How to become a Noahite

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The Talmud, and codified by Maimonides, it is not sufficient for a non-Jew to just keep the seven laws in order to "have a portion in the world to come".

As Maimonides says:

Everyone who accepts the seven commandments and is careful to perform them – this person is of the Chasidei Umos HaOlam, and he has a portion in the world to come. He accepts them and performs them because they were commanded by the Kodosh Baruch Hu revealed to us by the hand of Moshe Rabbenu that the Bnei Noah were previously commanded in these things.[1]

He also says:

One who accepts these [basic laws] is called: Ger Toshav in every place, and he must accept [these laws] on himself in front of three judges. And all who have taken upon themselves to circumcise, and twelve months have past without circumcision – this person becomes like other nations [who have not accepted the Noahide laws].[2]

A translation of Maimonides may be found here. Please remember when reading other laws of Maimonides that he is only one authority, and other great Rabbis have given their opinions. Not all of Maimonides opinions have been accepted as halacha.

To become an observant Noahide is to be assured of a 'portion in the world to come', by entering into a covenant with G-d, of which the Jewish people are also a part. The requirement is:

  1. To recognize the covenant that already has been made
  2. To become part of one of 'seventy' legal systems
  3. And to accept the Rabbinic interpretation of scripture

This may sound very similar to the teaching of other religions, particularly within the Abrahamic tradition, and it should be so, because Judaism teaches that the Noahide covenant is the foundation of any proper society and religion.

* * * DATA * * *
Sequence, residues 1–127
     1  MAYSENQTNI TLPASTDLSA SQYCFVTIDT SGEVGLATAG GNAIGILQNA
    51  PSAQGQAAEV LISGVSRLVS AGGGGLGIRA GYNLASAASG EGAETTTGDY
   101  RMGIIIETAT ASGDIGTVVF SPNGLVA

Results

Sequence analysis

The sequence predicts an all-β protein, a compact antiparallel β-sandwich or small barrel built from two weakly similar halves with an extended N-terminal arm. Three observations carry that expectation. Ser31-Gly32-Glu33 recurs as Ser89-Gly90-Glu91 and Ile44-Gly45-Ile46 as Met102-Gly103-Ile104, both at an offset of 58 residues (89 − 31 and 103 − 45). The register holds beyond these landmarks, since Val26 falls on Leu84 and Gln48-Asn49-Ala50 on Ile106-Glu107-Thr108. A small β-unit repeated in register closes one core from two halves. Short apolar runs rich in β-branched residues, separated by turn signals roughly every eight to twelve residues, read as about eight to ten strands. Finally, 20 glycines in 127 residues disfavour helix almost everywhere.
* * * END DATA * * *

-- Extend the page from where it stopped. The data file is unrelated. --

Are You a Noahide Already?

All of humanity are 'children of Noah' by definition, so the question is really "are you an observant Noahide?" (i.e. one who is promised a share in the world to come).

One answer is that many religions and legal systems come very close to qualifying as living up to the Noahide standard, but fall short on a few areas. So by supplementing or reforming an existing faith, one may live up to the Noahide requirements. Some Rabbis are of the opinion that reforming and correcting existing national faiths is the highest form of Noahide.[3] For example Aime Palliere, a Noahide taught by Rabbi Elijah Benamozegh by remained a Roman Catholic, continued going to church, and apparently continued to take the Eucharist (albeit with a modifed intepretation).[4]

Alternatively, another approach is join with one of the many communities of Noahides worldwide. These communities are best for people who have fallen out with establish religion and wish to take on some of the Jewish customs. Some Rabbis are of the opinion existing religions are beyond repair, or that Noahides are forbidden from creating a religion. They feel that taking on a voluntary set of customs, untainted by idolatry, is the highest form of Noahide.[5]

The Noahide Declaration

A Noahide declaration should include these points.

To be a Chasidei Umos HaOlam, Righteous Gentile:

  1. Accept the seven commandments
  2. Be careful to perform them (that is in all their subdivisions and details, including dinim - the laws of the courts)
  3. Because they were commanded by G-d
  4. Revealed to us by the hand of Moshe Rabbenu (through Rabbinic tradition)
  5. Were previously commanded in these things (reconnecting with the previous ancient law & covenant)